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Cortez school district creates improvement plans

Strategies required by state after low district ratings
Lori Haukeness

State ratings showed last fall that the Montezuma-Cortez Re-1 School District isn’t performing well enough, but district officials revealed plans this week to get back on track.

At Tuesday’s District Accountability Committee meeting, district officials and committee members discussed improvement plans for the district overall, as well as Mesa and Manaugh elementary schools.

The state requires improvement plans because of low accreditation ratings from the Colorado Department of Education that were assessed last fall. The district was rated at the “priority improvement” level for the sixth year in a row last fall, and Mesa and Manaugh were given “turnaround” and “priority improvement” ratings, respectively.

Superintendent Lori Haukeness also discussed a “pathway” for the district, which is required by Senate Bill 163 for districts that are at the end of the “accountability clock,” meaning they have been rated at “priority improvement” or lower for five or more years.

“The pathway we’ve created will go on even after we’re off academic watch,” Haukeness said. “It’s the right work for the district.”

The Re-1 Board of Education will vote at its meeting next week on whether to approve the pathways plan. If approved, it will be submitted to the state board of education in March.

The accountability clock will not reset for the district, Haukeness said. Officials will have two to three years to get the district off the clock, she said.

The improvement plans identify areas where the district is struggling and the causes for those struggles. The plans also lay out strategies for improvement, goals and expected outcomes.

For the district, the areas of improvement include achievement and growth on the state’s Partnership for Assessment of Readiness for College and Careers (PARCC) assessment test. Graduation and dropout rates are another focus area. Minority students and those on free or reduced lunch plans trail their peers at every grade level, which is also an area for improvement.

The causes for those include weaknesses in instruction, the culture and climate of schools and district systems and structures, according to the plan. There are gaps in knowledge and skills among the district’s educators, and teaching strategies are inconsistent. The district also needs to improve its cultural relevance and community engagement in order to engage underserved students, including minorities and free or reduced lunch students, the plan states.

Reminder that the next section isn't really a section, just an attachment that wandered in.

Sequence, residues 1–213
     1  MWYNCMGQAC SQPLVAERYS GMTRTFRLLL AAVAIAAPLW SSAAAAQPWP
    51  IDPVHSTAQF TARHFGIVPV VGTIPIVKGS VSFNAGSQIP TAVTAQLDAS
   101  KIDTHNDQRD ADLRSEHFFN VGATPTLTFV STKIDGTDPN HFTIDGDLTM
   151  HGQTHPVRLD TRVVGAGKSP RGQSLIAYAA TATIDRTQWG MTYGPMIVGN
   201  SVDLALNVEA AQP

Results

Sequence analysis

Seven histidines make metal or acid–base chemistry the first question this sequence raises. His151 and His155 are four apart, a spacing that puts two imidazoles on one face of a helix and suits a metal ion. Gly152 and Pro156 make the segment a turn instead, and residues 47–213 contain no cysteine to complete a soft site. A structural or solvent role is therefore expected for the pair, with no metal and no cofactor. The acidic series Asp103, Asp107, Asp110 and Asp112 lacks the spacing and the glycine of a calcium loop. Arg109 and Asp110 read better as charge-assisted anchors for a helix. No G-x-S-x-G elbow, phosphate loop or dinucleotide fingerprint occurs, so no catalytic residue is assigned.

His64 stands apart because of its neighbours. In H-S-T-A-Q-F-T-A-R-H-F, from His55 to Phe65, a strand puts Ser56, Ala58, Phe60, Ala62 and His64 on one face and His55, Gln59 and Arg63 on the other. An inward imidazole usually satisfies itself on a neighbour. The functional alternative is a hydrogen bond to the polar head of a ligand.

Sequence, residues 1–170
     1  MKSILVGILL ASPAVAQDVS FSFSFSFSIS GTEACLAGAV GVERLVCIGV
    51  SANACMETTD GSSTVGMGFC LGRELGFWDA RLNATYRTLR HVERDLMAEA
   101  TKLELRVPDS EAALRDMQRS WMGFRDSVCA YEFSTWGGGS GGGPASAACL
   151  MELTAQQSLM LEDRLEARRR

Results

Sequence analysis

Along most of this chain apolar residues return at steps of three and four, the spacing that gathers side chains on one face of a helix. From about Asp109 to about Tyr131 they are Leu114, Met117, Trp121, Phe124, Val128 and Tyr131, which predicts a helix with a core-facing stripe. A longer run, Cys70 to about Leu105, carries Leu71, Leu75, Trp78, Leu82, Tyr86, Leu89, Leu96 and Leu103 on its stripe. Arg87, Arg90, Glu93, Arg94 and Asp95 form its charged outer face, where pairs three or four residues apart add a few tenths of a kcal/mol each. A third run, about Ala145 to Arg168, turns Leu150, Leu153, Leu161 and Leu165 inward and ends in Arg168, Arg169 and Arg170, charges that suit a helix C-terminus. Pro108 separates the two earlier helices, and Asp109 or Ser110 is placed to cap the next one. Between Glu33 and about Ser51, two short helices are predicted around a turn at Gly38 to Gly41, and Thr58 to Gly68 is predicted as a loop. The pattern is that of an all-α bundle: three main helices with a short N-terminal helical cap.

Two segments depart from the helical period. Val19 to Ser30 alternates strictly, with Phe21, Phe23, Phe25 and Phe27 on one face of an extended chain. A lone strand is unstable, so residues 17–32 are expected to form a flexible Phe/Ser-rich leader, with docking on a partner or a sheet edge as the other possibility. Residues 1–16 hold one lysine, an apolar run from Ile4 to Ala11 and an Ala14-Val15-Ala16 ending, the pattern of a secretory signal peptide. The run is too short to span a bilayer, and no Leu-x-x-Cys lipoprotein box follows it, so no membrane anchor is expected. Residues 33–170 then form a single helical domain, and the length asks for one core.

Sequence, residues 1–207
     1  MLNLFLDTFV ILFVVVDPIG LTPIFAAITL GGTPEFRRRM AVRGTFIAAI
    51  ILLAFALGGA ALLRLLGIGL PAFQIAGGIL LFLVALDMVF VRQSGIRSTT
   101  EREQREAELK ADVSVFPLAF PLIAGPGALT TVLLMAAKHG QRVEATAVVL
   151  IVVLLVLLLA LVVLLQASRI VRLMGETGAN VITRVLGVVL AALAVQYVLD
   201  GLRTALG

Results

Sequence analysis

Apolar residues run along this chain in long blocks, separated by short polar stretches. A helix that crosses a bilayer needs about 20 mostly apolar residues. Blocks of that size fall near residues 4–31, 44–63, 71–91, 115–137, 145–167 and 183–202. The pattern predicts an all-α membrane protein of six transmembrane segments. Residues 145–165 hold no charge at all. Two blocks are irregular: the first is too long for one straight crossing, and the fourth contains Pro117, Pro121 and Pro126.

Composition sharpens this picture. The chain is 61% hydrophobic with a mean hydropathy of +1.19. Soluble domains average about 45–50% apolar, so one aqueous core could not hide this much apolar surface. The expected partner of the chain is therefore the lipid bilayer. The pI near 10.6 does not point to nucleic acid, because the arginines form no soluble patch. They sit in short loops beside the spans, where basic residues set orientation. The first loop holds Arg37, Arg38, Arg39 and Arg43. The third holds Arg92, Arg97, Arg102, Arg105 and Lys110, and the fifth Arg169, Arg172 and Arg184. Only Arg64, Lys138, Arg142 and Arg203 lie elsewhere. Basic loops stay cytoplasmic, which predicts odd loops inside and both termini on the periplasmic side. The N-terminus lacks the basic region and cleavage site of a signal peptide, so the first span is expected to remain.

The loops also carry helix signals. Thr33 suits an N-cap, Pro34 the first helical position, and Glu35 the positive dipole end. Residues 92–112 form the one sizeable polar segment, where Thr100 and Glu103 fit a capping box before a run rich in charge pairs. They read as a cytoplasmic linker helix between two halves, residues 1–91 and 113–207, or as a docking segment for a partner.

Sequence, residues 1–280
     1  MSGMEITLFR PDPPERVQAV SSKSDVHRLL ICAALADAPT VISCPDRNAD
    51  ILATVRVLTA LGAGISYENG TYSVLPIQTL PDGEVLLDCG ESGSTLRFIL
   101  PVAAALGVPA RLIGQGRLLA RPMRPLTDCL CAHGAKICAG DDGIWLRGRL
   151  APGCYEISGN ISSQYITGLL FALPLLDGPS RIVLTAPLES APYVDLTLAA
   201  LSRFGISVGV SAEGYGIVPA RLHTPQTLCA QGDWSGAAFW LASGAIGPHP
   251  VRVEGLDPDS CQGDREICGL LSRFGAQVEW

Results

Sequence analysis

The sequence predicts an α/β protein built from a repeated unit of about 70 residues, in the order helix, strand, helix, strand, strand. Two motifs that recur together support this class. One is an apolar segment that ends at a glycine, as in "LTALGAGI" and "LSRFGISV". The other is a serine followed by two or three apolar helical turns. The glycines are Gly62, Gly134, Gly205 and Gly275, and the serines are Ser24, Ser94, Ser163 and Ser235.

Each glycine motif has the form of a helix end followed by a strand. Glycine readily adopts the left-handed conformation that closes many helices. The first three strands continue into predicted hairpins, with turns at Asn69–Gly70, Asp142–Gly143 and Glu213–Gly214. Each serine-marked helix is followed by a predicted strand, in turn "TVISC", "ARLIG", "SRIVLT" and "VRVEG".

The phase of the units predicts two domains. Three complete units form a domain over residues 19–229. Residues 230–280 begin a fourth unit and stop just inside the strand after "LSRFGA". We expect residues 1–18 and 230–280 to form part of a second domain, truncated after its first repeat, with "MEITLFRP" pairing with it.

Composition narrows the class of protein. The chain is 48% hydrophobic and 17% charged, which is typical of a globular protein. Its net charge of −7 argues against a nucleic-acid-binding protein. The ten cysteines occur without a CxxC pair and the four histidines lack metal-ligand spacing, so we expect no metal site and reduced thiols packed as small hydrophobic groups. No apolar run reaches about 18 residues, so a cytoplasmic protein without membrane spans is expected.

Kids attend school for 165 days in Re-1, which is shorter compared with other districts and means less time for teachers to educate students, said Carol Mehesy, Re-1 director of school improvement. The district also struggles to retain talented teachers because of lower salaries, which impacts how effectively the district can put academic strategies in place, Haukeness said.

Goals for the district include increasing student achievement numbers on the state assessment test across the board, as well as closing academic gaps between minority and non-minority students. The district also would like to decrease the dropout rate to 5 percent and increase the graduation rate to 80 percent, according to the plan.

Another goal will be increasing participation on the PARCC test by 10 percent at Cortez Middle School and by 25 percent at Montezuma-Cortez High School. The district plans a public forum Jan. 24 to educate parents and students on the importance of taking the test.

The improvement plans for Mesa and Manaugh reflect the district’s overall plan, with focuses on PARCC growth and achievement, especially in literacy and math.

According to SB 163, districts that have had a low CDE rating for five or more years must select a pathway for improvement from several different options. Those options include consolidating with another district, closing low-performing schools or converting them to charter schools and working with an outside management agency to address school performance.

Re-1 officials have been working with an outside agency for the past several years through the University of Virginia’s school turnaround program. The third phase of the program, which runs until 2019, will incorporate CMS and M-CHS.

The goal for the third phase is to create a sustainable student achievement plan that will last for many years, after the current district staff is gone, Haukeness said.

“It’s a pathway for where we want to go,” she said.